Students will continue their studies while in isolation. Staff will help students work with their deans to make accommodations if a student’s studies are interrupted because of their illness.
Support in Isolation
During isolation, students will monitor their symptoms. A medical provider from the Wellness Center will provide regular virtual wellness checks and determine when students can safely conclude their isolation period. Students will have access to a Care Coordinator who will provide additional support throughout their time in isolation.
Spending time in isolation, especially if you are feeling physically ill, is stressful. Fear and anxiety can be overwhelming, triggering strong emotions. The Wellness Center can provide you with the mental health support you need through the following channels:
- Call 773-508-2530 (#3) during normal business hours and leave a message to schedule an appointment or receive a return call from a counselor within 30 minutes
- After hours, call 773-508-2530 (#3) to speak with a counselor urgently
- Book a phone triage appointment
- Text the Crisis Text Line at 741741 to communicate via text message, anytime of day, with a trained crisis counselor
Quarantine and Exposure
Quarantine is used to keep someone who might have been exposed to COVID-19 separated from others. An exposure to COVID-19 is defined as an individual who has had close contact (fewer than six feet) for more than 15 minutes.
If you are exposed, you will need to self-quarantine in your home, primary residence hall, or off-campus house/apartment. The quarantine period is 14 days as recommended by the CDC. Students living on campus will have meals delivered to their room during this period. Those residing in traditional residence halls will still have access to shared bathrooms, which will be cleaned regularly.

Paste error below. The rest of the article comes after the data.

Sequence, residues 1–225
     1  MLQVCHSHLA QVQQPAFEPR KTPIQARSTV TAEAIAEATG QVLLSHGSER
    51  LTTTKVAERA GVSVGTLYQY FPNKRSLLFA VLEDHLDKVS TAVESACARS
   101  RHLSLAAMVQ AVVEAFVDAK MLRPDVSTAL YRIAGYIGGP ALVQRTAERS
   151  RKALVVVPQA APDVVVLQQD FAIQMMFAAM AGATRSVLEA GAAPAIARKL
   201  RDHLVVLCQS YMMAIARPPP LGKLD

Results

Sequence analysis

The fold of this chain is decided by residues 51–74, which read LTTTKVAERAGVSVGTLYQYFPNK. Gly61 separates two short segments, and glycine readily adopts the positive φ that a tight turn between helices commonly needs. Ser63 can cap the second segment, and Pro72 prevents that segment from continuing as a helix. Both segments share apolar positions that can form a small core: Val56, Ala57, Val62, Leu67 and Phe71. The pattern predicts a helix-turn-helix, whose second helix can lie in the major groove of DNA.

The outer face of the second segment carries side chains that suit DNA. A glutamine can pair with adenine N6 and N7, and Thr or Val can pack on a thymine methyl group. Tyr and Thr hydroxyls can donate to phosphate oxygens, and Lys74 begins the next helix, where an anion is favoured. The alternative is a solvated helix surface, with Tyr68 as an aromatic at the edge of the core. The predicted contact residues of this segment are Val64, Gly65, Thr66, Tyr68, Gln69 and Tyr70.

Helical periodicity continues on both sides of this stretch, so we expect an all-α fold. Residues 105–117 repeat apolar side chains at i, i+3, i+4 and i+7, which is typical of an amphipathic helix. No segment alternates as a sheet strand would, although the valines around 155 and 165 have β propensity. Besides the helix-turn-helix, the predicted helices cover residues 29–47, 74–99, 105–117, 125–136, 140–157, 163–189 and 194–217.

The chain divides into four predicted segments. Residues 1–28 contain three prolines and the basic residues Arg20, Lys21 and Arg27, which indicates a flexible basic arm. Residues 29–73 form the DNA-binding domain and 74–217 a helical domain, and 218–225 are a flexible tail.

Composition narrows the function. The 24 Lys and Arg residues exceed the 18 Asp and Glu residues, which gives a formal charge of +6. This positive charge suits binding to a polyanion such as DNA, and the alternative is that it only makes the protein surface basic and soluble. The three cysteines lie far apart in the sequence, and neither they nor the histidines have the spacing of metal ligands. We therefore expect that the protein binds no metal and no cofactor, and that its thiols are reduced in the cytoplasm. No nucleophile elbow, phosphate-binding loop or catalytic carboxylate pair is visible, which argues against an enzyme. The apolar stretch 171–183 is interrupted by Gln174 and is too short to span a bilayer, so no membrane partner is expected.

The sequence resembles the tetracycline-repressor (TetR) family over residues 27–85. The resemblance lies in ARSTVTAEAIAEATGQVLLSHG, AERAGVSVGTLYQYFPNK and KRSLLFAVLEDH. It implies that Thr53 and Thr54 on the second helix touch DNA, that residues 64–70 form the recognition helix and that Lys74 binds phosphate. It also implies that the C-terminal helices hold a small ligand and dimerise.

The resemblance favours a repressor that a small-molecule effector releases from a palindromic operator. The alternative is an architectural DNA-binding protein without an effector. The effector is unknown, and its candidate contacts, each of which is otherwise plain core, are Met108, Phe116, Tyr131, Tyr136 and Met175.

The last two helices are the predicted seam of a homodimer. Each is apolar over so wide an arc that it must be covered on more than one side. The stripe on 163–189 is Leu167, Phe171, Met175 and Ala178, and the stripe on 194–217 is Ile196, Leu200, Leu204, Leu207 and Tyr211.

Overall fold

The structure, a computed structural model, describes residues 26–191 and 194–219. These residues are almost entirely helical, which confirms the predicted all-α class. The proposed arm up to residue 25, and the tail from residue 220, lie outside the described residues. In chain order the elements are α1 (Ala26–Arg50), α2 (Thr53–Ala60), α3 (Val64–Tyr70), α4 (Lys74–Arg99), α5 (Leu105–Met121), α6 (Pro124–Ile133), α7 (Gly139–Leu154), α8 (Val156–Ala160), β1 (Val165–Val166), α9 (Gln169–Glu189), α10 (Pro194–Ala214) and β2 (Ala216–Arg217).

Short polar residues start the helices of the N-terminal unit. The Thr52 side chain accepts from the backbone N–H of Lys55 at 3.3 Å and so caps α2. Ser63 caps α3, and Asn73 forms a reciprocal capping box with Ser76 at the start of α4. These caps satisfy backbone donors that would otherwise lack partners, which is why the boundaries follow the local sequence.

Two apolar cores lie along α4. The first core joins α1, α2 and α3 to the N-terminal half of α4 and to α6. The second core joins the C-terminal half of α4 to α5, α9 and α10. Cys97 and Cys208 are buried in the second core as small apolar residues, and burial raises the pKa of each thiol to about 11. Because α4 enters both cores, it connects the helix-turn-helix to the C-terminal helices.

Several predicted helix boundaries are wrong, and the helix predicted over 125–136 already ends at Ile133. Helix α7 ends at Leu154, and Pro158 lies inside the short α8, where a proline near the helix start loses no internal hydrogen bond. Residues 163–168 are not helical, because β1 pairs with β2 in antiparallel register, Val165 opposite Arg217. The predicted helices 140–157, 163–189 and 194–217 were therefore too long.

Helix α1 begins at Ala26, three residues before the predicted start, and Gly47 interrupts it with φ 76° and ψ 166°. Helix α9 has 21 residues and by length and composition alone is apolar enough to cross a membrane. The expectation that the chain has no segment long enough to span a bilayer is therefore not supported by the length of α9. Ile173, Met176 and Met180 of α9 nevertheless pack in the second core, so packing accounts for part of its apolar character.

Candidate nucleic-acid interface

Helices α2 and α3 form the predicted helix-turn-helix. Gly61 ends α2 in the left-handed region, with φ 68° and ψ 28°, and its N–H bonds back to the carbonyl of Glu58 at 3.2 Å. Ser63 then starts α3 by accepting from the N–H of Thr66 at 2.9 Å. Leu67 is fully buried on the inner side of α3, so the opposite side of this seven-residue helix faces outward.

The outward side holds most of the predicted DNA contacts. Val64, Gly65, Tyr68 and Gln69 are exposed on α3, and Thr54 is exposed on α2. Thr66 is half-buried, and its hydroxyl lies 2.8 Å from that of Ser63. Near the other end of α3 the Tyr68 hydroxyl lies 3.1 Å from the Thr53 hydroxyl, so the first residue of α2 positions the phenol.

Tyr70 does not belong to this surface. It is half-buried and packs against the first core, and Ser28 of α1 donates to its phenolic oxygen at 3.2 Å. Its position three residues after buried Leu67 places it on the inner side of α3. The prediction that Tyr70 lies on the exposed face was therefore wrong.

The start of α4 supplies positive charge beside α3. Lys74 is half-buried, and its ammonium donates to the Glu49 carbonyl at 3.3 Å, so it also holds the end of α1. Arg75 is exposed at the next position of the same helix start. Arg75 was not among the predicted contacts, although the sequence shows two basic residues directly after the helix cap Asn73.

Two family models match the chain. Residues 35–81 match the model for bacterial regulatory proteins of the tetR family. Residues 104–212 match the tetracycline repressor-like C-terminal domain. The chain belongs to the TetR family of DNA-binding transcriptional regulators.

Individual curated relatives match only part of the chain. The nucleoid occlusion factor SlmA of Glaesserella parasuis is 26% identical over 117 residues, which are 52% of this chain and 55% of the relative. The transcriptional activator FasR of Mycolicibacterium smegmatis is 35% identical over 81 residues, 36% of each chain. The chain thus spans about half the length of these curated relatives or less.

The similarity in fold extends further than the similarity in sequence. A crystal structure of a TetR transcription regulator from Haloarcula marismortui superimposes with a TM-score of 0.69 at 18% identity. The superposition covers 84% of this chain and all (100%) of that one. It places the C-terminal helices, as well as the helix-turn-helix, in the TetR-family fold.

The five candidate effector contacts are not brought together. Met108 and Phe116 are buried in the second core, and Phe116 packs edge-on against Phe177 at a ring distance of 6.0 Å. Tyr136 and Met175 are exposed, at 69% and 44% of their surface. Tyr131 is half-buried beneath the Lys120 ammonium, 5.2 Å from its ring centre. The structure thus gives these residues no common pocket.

If you develop symptoms of COVID-19 while in quarantine, you will have access to medical care through the Wellness Center. Students feeling ill should contact Dial-A-Nurse at 773-508-8883 (leave a message if your call is not answered) or schedule a nurse triage appointment online.
Emergency Travel Order
Anyone who has been exposed to COVID-19 or is traveling to Loyola from a high-impact state will need to quarantine. The City of Chicago’s Emergency Travel Order requires all students from designated states to quarantine for 14 days. The list of states is updated every Tuesday.
Should you be traveling to campus from one of these designated states, you will quarantine in your residence hall room. Your meals will be delivered to you during this period. Should you choose to travel to Illinois in advance of move-in on August 17, you should be prepared to offer documentation attesting to your quarantine in Illinois, such as plane tickets and hotel bills.
Now more than ever, students are called to care for themselves, care for others, and care for the community. Testing, contact tracing, isolation, and quarantine are essential for containing the spread of COVID-19 and will help ensure the health, safety, and well-being of the Loyola community, which continues to be our priority.
Joan Holden, DNP, APRN, ANP-BC
Director, Wellness Center